Writing is inhibiting. Sighing, I sit, scribbling in ink this pidgin script. I sing with nihilistic witticism, disciplining signs with trifling gimmicks — impish hijinks which highlight stick sigils. Isn’t it glib? Isn’t it chic? I fit childish insights within rigid limits, writing schtick which might instill priggish misgivings in critics blind with hindsight. I dismiss nitpicking criticism which flirts with philistinism. I bitch; I kibitz – griping whilst criticizing dimwits, sniping whilst indicting nitwits, dismissing simplistic thinking, in which philippic wit is still illicit.
Notes on the Poem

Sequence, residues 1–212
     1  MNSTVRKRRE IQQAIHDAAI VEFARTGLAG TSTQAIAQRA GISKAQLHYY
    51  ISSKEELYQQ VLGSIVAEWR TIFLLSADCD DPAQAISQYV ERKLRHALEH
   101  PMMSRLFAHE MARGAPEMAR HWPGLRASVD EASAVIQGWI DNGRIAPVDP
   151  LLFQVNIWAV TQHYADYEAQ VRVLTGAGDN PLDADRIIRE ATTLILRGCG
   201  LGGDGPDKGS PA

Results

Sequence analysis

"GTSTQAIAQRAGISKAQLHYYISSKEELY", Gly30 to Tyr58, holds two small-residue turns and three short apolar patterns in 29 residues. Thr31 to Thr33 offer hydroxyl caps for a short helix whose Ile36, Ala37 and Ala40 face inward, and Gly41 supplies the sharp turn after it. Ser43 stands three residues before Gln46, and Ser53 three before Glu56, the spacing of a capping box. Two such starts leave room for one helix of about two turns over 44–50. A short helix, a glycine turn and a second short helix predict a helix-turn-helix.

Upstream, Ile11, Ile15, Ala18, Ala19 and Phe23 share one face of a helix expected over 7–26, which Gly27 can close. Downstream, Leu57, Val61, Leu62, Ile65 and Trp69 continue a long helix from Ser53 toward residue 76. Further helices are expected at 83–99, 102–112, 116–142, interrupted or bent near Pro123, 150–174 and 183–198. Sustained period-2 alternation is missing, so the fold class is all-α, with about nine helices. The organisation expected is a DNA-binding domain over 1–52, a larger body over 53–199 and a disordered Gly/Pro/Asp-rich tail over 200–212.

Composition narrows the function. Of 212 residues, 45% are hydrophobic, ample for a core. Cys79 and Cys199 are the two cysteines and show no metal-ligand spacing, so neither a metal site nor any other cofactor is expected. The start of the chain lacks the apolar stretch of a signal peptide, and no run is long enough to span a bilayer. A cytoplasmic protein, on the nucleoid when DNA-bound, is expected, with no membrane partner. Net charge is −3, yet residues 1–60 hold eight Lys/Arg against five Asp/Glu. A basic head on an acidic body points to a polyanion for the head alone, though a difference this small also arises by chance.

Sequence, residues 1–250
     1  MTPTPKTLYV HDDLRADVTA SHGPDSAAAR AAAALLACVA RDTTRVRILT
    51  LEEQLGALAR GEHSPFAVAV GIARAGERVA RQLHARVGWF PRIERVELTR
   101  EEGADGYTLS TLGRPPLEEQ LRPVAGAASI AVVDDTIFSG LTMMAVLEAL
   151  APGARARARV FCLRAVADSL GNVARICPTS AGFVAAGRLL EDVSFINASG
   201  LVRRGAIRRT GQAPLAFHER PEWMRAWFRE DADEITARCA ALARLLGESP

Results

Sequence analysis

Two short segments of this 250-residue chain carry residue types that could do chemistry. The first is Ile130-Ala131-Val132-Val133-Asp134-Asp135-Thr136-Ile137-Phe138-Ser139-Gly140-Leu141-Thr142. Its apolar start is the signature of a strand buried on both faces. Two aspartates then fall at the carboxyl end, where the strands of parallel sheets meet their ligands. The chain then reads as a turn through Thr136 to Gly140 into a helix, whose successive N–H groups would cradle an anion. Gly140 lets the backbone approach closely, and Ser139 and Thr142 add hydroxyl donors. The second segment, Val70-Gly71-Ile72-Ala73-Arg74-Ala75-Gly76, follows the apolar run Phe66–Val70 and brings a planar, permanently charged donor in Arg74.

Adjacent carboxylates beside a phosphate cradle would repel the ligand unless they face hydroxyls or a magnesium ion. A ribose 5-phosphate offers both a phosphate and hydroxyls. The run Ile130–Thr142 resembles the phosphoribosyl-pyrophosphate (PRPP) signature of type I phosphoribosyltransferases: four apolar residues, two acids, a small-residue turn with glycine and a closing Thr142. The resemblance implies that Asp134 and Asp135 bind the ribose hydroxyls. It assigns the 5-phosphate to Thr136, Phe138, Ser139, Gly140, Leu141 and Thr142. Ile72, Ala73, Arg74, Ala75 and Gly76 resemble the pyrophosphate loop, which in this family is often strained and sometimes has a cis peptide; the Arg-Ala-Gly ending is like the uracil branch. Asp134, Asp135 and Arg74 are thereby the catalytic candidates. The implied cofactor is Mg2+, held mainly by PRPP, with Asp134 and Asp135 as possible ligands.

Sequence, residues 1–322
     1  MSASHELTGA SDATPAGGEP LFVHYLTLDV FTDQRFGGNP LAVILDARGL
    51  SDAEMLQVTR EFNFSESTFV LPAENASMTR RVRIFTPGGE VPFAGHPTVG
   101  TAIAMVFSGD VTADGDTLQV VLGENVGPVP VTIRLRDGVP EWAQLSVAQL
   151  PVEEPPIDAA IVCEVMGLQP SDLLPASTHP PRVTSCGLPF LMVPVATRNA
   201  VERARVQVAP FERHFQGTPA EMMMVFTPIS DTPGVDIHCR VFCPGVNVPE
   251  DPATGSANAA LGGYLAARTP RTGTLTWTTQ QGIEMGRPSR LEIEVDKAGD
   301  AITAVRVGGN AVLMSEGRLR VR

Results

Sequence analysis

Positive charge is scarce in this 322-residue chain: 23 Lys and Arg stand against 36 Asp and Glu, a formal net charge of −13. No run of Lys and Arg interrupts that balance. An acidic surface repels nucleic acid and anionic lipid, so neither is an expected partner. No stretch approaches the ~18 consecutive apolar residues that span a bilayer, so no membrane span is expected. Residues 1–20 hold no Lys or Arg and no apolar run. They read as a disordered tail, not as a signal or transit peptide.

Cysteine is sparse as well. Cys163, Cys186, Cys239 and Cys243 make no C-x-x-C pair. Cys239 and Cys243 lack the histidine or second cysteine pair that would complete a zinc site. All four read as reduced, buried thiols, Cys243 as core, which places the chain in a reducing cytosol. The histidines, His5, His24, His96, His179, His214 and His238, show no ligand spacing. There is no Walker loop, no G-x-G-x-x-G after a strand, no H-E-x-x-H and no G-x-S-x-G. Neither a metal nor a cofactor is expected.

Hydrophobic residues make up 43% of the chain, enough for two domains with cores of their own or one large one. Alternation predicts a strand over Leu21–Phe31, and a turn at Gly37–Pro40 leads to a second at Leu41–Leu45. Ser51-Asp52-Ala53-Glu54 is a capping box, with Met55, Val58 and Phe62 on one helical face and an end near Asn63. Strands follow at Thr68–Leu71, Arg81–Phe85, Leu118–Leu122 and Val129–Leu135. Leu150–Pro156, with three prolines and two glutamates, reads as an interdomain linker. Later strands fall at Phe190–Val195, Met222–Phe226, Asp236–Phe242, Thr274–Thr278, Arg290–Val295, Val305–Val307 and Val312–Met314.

When we looked before at an excerpt from Christian Bök's Eunoia, which won the 2002 Griffin Poetry Prize, we pondered whether or not he approached his poetic output the way a gardener can produce a miniature version of a tree or shrub using the bonsai method. Are such constraints - in plants or in language - pleasing or artificial? Reactions and opinions vary. There is no denying Bök worked very hard to create this intriguing and some would say controversial univocalic, wherein each major section or chapter is comprised of words only using one vowel. In interviews, Bök has revealed that Eunoia took seven years to write. Perhaps perversely, he not only limited himself to one vowel per section, but he also inflicted some other rules on himself: each chapter had to mention the process of writing, include descriptions of a sea voyage and a banquet, and had to use 98 percent of available words and avoid repetition. Well, he gets right to it in this chapter, kicking things (see what we did there?) off with the exclamatory: "Writing is inhibiting." Why not listen to Bök read it? It does look and sound like Bök relishes performing the words, and it's as if the performance bursts the words from their imposed bounds. Not only that, but audience members sound like they're enjoying the poem and how it's being read, too. Although his demeanour is serious and he clearly attacked this poetic venture with considerable rigour, the excerpt from this chapter shows him arguing with himself about how the exercise will be received ... and slyly heading off his critics: "Isn't it glib? Isn't it chic? I fit childish insights within rigid limits, writing schtick which might instill priggish misgivings in critics blind with hindsight." Perhaps the message is to find delight in language by playing with it. However strictly you want to devise and enforce the rules of play, poetry is most assuredly up to the task.